There was no single, unexpected event that threw you into debt. You weren't in a car accident that left you with $300,000 in medical bills. You didn't lose your job. You're 35 years old, married with two kids, and you're employed full time.
Instead, debt built up slowly. It didn't feel dire at first, but now you're in over your head. You're unsure how you got there, but you're interested in any potential options to get yourself out.
Situations like this are common, and they often come with warning signs. Five things to watch out for include:
1. Paying just the minimum on maxed out credit cards.
When the card is full to the limit and all you can afford is the minimum payment, you can't dig yourself out. The interest rates are quite high and keep you from making headway, even as you pay every month.
2. Pulling money out of a retirement account.
You created a retirement account of you and your spouse, and you paid into it for a decade. If you're now pulling money out, you're spending more than you can really afford.
3. Consistently being late when you pay the bills.
Sure, you may be late on the bills occasionally when it just slips your mind. It's a problem, though, when you're late every month. It's also problematic when the reason you're late is that you can't afford to pay, not that you forgot.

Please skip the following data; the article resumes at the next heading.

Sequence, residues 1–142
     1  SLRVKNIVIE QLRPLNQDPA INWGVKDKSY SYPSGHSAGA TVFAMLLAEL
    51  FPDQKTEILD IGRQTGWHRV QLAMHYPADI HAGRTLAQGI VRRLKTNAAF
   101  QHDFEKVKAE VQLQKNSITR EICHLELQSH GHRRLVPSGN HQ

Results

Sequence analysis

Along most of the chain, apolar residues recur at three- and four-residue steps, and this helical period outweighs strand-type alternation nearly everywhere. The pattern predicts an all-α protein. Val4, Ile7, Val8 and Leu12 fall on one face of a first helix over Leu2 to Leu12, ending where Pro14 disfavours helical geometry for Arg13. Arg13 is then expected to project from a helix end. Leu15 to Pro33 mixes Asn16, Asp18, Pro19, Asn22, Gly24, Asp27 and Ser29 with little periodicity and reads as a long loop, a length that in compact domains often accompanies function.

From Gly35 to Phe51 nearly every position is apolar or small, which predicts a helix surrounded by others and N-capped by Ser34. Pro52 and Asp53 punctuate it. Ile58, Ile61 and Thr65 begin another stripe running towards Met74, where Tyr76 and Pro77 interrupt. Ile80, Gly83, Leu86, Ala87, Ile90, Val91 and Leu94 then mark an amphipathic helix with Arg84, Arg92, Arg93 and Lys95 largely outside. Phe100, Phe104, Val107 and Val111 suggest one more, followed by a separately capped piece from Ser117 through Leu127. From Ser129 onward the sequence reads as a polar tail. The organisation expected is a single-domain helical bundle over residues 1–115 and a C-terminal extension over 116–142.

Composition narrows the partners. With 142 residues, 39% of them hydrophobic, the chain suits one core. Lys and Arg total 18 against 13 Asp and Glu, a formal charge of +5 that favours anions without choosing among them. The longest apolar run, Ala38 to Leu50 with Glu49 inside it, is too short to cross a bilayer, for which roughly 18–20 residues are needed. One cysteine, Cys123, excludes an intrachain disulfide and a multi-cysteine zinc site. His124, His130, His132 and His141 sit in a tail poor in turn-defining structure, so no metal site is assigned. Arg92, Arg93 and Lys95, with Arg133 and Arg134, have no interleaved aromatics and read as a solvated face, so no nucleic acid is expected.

4. Borrowing money from family members and friends.
Friends and family members may be happy to help in extreme situations, but you didn't have an extreme situation. You're just spending too much. Having to take out these "loans" can put a lot of stress on your relationships, and it also shows that you need to tone down the spending.
5. Taking out payday loans.
Payday loans are attractive. You get money quickly. It sounds like a good deal. However, they're full of potential problems. For one thing, if you do pay them off with your next paycheck, you're just behind on the next set of bills. If you don't pay them off, the absurd interest rates kick in. What sounded like a small loan becomes a huge financial drain.
Did you see any of these signs as your debt grew? They could have tipped you off in advance, showing you that you had to change your spending habits to avoid a financial catastrophe.
The good news, since you've already run into financial trouble, is that you do have legal options. These may include Chapter 7 bankruptcy, which liquidates your nonessential assets, or Chapter 13 bankruptcy, which gives you an affordable repayment plan. Make sure you really understand the options you have and what steps to take.